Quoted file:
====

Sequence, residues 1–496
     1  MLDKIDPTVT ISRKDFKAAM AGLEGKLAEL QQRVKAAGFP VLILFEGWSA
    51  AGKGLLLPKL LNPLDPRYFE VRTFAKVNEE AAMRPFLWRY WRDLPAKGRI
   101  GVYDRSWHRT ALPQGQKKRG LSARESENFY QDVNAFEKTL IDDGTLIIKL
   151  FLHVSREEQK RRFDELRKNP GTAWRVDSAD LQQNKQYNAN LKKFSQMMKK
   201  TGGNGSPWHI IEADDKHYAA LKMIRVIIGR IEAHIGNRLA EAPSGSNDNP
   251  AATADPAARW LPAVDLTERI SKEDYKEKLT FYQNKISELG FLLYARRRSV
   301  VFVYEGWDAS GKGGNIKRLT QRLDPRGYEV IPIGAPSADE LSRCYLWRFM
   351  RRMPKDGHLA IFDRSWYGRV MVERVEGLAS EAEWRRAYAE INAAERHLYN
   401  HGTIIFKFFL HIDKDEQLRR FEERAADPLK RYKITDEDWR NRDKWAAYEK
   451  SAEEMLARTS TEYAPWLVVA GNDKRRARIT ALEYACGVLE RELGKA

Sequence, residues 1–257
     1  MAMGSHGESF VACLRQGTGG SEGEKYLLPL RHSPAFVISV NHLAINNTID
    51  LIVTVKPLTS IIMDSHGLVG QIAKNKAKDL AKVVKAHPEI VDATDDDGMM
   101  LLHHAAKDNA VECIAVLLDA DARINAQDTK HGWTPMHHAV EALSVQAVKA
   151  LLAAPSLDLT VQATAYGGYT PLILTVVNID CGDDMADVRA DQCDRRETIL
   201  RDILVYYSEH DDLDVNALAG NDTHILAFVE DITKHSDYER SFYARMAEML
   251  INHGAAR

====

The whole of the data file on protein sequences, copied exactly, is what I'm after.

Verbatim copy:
Sequence, residues 1–496
     1  MLDKIDPTVT ISRKDFKAAM AGLEGKLAEL QQRVKAAGFP VLILFEGWSA
    51  AGKGLLLPKL LNPLDPRYFE VRTFAKVNEE AAMRPFLWRY WRDLPAKGRI
   101  GVYDRSWHRT ALPQGQKKRG LSARESENFY QDVNAFEKTL IDDGTLIIKL
   151  FLHVSREEQK RRFDELRKNP GTAWRVDSAD LQQNKQYNAN LKKFSQMMKK
   201  TGGNGSPWHI IEADDKHYAA LKMIRVIIGR IEAHIGNRLA EAPSGSNDNP
   251  AATADPAARW LPAVDLTERI SKEDYKEKLT FYQNKISELG FLLYARRRSV
   301  VFVYEGWDAS GKGGNIKRLT QRLDPRGYEV IPIGAPSADE LSRCYLWRFM
   351  RRMPKDGHLA IFDRSWYGRV MVERVEGLAS EAEWRRAYAE INAAERHLYN
   401  HGTIIFKFFL HIDKDEQLRR FEERAADPLK RYKITDEDWR NRDKWAAYEK
   451  SAEEMLARTS TEYAPWLVVA GNDKRRARIT ALEYACGVLE RELGKA

Sequence, residues 1–257
     1  MAMGSHGESF VACLRQGTGG SEGEKYLLPL RHSPAFVISV NHLAINNTID
    51  LIVTVKPLTS IIMDSHGLVG QIAKNKAKDL AKVVKAHPEI VDATDDDGMM
   101  LLHHAAKDNA VECIAVLLDA DARINAQDTK HGWTPMHHAV EALSVQAVKA
   151  LLAAPSLDLT VQATAYGGYT PLILTVVNID CGDDMADVRA DQCDRRETIL
   201  RDILVYYSEH DDLDVNALAG NDTHILAFVE DITKHSDYER SFYARMAEML
   251  INHGAAR